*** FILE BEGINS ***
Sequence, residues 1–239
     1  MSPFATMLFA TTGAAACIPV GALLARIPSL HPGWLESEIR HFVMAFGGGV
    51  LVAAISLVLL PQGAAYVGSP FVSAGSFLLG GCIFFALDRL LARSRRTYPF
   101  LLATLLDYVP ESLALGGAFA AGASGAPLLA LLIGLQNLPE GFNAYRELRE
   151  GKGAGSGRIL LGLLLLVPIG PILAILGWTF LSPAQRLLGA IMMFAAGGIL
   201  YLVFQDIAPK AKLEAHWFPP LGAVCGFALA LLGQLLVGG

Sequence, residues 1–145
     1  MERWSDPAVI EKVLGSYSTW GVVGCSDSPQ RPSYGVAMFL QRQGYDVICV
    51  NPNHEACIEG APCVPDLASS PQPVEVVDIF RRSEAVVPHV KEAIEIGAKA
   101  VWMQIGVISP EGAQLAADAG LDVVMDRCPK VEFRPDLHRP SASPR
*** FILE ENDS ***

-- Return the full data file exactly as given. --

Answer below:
Sequence, residues 1–239
     1  MSPFATMLFA TTGAAACIPV GALLARIPSL HPGWLESEIR HFVMAFGGGV
    51  LVAAISLVLL PQGAAYVGSP FVSAGSFLLG GCIFFALDRL LARSRRTYPF
   101  LLATLLDYVP ESLALGGAFA AGASGAPLLA LLIGLQNLPE GFNAYRELRE
   151  GKGAGSGRIL LGLLLLVPIG PILAILGWTF LSPAQRLLGA IMMFAAGGIL
   201  YLVFQDIAPK AKLEAHWFPP LGAVCGFALA LLGQLLVGG

Sequence, residues 1–145
     1  MERWSDPAVI EKVLGSYSTW GVVGCSDSPQ RPSYGVAMFL QRQGYDVICV
    51  NPNHEACIEG APCVPDLASS PQPVEVVDIF RRSEAVVPHV KEAIEIGAKA
   101  VWMQIGVISP EGAQLAADAG LDVVMDRCPK VEFRPDLHRP SASPR